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Non-penetrating deep sclerectomy (NPDS) can enhance drainage of aqueous humour without disrupting the trabecular endothelial layer, reducing risks of postoperative hypotony and hyphema. This study explores associations of angle morphology with surgical efficacy in eyes with open and obstructed angles. Eighty-nine consecutive eyes undergoing successful NPDS (non-implant, with 0.4 mg/ml mitomycin C and limbus-based two-layer closure) were studied in this institutional review board-approved retrospective quality assurance study. Postoperative complication frequency, intraocular pressure (IOP), glaucoma medications required and acuity were monitored (baseline vs 3, 6, 9, 12 and 18-month postoperative levels), along with 30-2 Humphrey MD and corrected pattern standard deviation (CPSD) (baseline vs 6, 12 and 18-month postoperative values). Preoperative gonioscopy was compared with the subsequent requirement for specific postoperative interventions. IOP at all five postoperative intervals was reduced (22 ± 0.9 to 12 ± 0.5 mm Hg; p<0.0001). No hyphema were observed. Postoperative hypotony (IOP < 4 mm Hg) occurred rarely (8/445; 1.8%). Mean glaucoma medication use dropped from 3.1 ± 0.1 to 0.23 ± 0.1 at 18 months (p<0.0001). Mean 30-2 MD improved by approximately 1.4 dB at 6, 12 and 18 months (p<0.002); CPSD remained stable. Following NPDS, a sustained IOP decrease of 10 mm Hg (45%) was attained, with stable acuity, increased perimetric generalised light sensitivity and 90% reduction in medical therapy requirement. Morbidity risk was associated with narrow gonioscopic angle insertion and synechia, but not with shallow approach or trabecular pigmentation.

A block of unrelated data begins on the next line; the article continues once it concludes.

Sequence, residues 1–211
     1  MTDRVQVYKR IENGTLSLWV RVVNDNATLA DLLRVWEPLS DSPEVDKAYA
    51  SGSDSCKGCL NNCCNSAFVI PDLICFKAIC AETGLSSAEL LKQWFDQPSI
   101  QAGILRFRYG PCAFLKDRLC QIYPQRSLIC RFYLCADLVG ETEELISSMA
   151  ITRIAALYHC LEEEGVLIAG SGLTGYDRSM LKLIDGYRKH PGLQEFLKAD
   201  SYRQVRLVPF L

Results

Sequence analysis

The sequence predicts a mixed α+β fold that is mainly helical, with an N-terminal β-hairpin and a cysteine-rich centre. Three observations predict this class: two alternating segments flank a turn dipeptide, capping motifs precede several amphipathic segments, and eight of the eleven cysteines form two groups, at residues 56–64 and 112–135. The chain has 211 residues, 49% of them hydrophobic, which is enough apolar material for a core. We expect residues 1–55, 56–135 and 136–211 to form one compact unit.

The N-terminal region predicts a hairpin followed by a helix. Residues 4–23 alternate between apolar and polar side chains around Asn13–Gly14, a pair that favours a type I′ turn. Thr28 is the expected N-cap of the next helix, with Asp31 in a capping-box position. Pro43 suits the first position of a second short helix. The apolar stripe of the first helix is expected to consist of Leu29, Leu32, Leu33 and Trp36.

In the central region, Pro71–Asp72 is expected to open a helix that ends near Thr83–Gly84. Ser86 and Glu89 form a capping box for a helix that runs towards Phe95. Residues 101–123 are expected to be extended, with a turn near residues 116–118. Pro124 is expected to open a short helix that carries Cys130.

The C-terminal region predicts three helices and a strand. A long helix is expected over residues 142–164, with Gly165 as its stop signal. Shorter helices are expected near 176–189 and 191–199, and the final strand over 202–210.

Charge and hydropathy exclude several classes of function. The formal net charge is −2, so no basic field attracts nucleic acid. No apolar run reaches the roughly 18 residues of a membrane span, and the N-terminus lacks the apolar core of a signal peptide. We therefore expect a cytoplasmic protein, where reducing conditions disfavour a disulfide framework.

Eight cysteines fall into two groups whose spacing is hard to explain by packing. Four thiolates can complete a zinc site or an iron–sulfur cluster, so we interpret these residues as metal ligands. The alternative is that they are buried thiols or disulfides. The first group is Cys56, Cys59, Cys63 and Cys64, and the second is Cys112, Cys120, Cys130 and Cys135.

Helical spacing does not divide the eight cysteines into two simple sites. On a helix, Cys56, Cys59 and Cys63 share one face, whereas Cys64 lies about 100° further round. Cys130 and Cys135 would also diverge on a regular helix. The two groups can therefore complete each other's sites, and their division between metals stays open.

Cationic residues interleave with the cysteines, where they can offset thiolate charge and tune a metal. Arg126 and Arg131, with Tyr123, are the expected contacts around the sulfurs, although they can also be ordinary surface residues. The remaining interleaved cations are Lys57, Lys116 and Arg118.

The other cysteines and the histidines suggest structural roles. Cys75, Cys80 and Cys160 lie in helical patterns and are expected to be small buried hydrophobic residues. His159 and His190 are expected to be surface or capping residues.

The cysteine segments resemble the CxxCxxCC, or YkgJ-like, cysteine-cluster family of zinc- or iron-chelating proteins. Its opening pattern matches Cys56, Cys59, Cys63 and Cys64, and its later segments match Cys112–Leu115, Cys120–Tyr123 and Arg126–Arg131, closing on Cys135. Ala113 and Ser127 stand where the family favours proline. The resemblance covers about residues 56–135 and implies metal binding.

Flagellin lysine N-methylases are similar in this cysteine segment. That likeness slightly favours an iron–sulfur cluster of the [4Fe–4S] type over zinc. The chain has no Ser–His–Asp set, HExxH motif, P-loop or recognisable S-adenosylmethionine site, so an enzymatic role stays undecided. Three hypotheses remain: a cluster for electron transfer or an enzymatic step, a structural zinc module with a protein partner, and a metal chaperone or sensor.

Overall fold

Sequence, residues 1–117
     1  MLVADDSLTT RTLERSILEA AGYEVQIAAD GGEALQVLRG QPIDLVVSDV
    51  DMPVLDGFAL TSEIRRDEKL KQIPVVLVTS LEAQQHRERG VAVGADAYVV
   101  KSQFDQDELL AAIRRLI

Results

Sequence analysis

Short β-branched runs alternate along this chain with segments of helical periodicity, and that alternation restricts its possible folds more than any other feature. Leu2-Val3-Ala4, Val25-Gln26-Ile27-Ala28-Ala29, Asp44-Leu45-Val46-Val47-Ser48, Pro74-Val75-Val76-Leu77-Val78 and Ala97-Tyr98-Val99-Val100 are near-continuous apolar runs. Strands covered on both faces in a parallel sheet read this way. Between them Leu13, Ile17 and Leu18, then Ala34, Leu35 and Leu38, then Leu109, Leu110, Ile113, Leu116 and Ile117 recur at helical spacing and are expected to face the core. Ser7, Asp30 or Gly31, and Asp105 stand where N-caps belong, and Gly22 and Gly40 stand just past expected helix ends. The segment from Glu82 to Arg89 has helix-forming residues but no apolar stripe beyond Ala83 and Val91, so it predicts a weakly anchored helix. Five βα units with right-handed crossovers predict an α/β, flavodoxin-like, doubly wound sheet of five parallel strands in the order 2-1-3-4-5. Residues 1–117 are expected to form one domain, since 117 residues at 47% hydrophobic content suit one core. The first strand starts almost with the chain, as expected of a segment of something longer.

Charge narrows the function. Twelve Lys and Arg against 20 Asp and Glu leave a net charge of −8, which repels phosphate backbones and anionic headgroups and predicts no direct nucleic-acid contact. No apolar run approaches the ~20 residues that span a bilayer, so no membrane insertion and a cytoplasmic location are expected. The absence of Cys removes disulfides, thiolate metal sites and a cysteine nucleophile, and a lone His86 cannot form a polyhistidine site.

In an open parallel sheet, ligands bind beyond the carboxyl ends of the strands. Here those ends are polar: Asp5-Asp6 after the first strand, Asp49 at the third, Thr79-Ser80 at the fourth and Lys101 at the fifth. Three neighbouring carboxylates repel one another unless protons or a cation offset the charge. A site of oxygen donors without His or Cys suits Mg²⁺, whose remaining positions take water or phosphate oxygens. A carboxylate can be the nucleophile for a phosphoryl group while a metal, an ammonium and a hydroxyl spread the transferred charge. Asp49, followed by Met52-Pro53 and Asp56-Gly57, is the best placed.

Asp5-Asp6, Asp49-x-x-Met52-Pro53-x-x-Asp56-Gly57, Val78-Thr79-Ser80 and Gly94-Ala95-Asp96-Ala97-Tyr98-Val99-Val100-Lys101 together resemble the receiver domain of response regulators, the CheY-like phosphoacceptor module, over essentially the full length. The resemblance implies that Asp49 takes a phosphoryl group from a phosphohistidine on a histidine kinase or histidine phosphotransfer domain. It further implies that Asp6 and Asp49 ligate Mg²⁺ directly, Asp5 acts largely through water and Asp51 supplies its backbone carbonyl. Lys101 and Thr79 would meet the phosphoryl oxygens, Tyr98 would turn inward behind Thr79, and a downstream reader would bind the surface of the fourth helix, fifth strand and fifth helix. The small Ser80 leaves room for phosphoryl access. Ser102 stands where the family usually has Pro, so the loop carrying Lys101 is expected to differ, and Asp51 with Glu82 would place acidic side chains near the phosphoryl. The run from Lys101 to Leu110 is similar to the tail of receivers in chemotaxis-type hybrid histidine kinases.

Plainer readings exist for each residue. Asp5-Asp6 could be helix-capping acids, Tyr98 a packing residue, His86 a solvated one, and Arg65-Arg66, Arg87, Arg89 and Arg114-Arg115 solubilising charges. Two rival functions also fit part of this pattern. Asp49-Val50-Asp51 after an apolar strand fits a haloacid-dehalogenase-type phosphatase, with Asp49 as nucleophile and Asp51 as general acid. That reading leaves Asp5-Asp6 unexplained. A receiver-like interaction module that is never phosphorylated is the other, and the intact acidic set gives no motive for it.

William Eric Sponsel, Sylvia Linner Groth. Mitomycin-augmented non-penetrating deep sclerectomy: preoperative gonioscopy and postoperative perimetric, tonometric and medication trends. The British journal of ophthalmology. 2013 Mar;97(3):357-61

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PMID: 23125063

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